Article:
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Cheney in 1994: Invasion Would Be a "Quagmire"

Take a look at Dick Cheney's (then Secretary of Defense) thoughts on invading Baghdad after the end of the Gulf War. You'll find the tune he sings quite dissonant. Watch.



This man has had the same glasses for two decades, but it seems his views on Iraq have changed along the way. After Iraq's infrastructure was decimated by the long and bloody Iran-Iraq War of the 1980s, followed by a relatively swift defeat of Saddam after Operation Desert Storm, George H. W. Bush shared many of Dick's ideas. Even though the elder Bush had referred to Hussein as "Hitler revisited," he chose to leave the tyrant in charge of a crumbling nation of 21.5 million war-weary citizens.

While this seems illogical, Bush sensibly explained:
Trying to eliminate Hussein would have incurred human and political costs. Apprehending him was probably impossible. We would have been forced to occupy Baghdad and, in effect, rule Iraq. There was no viable "exit strategy" we could see, violating another of our principles. Furthermore, we had been self-consciously trying to set a pattern for handling aggression in the post-Cold War.

Going in and occupying Iraq, thus unilaterally exceeding the United Nations' mandate, would have destroyed the precedent of international response to aggression that we hoped to establish.

Had we gone the invasion route, the United States could conceivably still be an occupying power in a bitterly hostile land.
A few comments that also deserve some attention (besides W's bumbling speech at the end) come from Democratic leaders in the years and months leading up to Operation Iraqi Freedom. Watch.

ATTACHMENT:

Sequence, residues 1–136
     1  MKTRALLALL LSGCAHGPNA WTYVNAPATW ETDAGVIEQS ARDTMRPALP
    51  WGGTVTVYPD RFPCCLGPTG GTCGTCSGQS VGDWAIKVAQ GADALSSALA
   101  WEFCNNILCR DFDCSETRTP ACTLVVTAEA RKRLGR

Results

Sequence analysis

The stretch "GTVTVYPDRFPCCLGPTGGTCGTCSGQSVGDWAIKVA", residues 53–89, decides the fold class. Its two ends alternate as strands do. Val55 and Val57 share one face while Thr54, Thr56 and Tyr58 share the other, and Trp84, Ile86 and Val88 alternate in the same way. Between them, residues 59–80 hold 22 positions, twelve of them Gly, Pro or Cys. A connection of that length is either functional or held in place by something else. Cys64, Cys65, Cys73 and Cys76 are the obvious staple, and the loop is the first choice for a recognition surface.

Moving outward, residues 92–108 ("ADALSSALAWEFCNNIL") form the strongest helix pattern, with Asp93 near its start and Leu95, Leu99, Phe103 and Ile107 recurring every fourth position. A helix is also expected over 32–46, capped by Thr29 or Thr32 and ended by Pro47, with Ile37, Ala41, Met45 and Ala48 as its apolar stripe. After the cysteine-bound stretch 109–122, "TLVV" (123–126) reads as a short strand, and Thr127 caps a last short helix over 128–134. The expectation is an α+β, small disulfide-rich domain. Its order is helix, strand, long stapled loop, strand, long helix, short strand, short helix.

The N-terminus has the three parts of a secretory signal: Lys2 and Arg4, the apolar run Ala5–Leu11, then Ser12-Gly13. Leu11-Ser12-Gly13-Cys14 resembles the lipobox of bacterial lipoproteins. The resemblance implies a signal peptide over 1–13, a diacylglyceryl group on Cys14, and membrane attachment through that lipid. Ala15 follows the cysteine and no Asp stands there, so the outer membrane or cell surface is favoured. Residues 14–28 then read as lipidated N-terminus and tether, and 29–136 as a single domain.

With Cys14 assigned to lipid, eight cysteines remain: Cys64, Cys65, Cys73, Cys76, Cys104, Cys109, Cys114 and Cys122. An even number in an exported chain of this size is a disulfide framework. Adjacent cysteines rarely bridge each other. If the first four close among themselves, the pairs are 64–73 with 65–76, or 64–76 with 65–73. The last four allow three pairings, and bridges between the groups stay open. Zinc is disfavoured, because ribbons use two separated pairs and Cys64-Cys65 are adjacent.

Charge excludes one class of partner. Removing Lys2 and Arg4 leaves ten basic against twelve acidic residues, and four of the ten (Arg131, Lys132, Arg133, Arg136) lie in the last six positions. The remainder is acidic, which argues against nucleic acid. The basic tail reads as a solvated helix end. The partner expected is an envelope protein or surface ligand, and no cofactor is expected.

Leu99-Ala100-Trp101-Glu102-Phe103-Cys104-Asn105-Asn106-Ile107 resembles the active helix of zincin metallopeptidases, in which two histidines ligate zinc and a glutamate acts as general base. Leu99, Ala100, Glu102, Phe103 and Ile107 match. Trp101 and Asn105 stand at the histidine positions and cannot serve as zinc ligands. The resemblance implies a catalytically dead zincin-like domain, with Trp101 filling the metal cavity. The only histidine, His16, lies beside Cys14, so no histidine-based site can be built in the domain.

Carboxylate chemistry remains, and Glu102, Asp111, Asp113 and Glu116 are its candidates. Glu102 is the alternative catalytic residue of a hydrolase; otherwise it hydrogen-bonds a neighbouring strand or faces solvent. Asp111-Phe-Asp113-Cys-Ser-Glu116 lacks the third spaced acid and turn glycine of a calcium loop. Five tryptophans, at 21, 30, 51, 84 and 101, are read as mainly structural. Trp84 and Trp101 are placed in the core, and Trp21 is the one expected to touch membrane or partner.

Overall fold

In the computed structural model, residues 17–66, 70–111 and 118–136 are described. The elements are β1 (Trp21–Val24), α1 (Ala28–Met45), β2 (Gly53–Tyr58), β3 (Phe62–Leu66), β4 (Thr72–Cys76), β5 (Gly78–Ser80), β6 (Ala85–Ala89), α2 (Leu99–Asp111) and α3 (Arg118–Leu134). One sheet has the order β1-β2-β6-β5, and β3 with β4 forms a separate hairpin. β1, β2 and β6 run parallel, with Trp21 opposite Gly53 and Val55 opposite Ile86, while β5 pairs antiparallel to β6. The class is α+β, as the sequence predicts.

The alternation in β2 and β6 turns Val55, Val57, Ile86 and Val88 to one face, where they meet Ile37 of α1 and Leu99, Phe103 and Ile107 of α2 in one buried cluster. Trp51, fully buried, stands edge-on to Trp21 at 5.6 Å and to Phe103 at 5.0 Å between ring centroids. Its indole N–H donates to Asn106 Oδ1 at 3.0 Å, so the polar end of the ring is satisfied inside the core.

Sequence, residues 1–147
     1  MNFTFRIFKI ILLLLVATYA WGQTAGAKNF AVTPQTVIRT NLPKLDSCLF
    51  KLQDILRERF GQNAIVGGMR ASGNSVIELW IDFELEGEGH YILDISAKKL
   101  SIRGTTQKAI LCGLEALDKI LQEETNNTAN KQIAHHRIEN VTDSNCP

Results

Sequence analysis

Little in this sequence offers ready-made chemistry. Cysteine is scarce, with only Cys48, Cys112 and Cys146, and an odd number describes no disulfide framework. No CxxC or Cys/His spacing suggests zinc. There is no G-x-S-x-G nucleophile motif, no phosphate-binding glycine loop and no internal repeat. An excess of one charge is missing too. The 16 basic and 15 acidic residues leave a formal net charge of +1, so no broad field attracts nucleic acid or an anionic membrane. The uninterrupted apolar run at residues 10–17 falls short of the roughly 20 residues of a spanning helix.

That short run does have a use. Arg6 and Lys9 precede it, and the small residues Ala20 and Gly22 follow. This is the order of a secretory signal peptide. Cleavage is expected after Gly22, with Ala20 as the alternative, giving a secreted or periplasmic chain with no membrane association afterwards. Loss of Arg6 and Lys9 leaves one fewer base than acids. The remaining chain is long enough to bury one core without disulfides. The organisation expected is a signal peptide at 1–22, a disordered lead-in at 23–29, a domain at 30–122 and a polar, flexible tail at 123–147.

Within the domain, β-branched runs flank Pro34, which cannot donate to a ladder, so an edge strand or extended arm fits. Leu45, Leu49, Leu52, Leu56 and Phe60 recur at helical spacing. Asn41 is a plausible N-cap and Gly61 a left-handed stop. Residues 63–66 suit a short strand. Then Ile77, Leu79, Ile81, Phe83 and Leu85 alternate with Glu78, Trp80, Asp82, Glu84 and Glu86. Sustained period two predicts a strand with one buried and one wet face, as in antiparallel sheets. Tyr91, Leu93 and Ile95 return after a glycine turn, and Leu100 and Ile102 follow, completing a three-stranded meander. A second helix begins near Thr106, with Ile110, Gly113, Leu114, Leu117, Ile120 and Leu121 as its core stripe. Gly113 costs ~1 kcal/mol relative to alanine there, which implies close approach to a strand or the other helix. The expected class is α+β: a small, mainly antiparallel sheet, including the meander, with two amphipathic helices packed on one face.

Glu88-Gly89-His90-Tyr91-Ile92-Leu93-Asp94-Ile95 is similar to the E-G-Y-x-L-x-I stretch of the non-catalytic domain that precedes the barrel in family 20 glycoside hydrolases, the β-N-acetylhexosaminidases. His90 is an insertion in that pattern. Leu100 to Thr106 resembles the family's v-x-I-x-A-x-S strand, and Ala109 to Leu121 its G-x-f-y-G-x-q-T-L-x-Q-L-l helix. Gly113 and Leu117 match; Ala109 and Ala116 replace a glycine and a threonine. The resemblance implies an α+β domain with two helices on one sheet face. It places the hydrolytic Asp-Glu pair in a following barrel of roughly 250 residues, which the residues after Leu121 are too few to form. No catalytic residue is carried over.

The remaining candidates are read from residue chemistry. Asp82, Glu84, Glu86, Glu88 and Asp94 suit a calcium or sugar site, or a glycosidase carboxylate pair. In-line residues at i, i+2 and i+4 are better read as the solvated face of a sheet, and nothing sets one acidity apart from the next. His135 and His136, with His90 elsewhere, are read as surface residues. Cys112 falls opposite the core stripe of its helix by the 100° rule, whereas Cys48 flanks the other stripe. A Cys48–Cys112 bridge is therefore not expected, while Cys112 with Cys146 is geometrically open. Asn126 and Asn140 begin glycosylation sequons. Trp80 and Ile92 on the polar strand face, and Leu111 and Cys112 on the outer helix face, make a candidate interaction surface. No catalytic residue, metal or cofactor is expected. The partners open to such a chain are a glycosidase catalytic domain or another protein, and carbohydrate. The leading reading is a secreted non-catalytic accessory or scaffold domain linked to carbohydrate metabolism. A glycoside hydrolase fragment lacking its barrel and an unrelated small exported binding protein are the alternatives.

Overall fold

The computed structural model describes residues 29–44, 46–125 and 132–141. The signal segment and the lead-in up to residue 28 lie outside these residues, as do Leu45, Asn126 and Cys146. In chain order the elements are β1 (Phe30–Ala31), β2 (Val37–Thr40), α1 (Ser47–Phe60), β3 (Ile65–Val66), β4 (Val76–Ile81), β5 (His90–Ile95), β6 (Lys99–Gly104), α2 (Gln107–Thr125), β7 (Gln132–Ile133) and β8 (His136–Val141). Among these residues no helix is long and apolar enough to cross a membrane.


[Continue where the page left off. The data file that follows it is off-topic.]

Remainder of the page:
You must understand something. The issue wasn't whether George W. Bush "lied" to "get us into" a war, and he must have been a damn good liar to be able to "hoodwink" all those Democrats, huh? The reasons for overthrowing Saddam were numerous, and I don't know anyone who would still want him in power. But that wasn't the issue either.

The real issue, as the first Bush noted over 15 years ago, was whether a plan for invasion and occupation with no exit strategy in a decaying country in the most volatile region on the planet would result in a very long and very costly conflict.

In 1994, Bush was absolutely correct about the dangers posed by an invasion of Baghdad. He apparently forgot to forward that memo to his son. By 2003, while Hussein's troubling activity was increasing, so were the conditions for making an occupation unlikely to succeed. But as much of a mistake as it might have been, and whatever the motivations of today's Democratic leaders, withdrawal (read: defeat) is not an "exit strategy."

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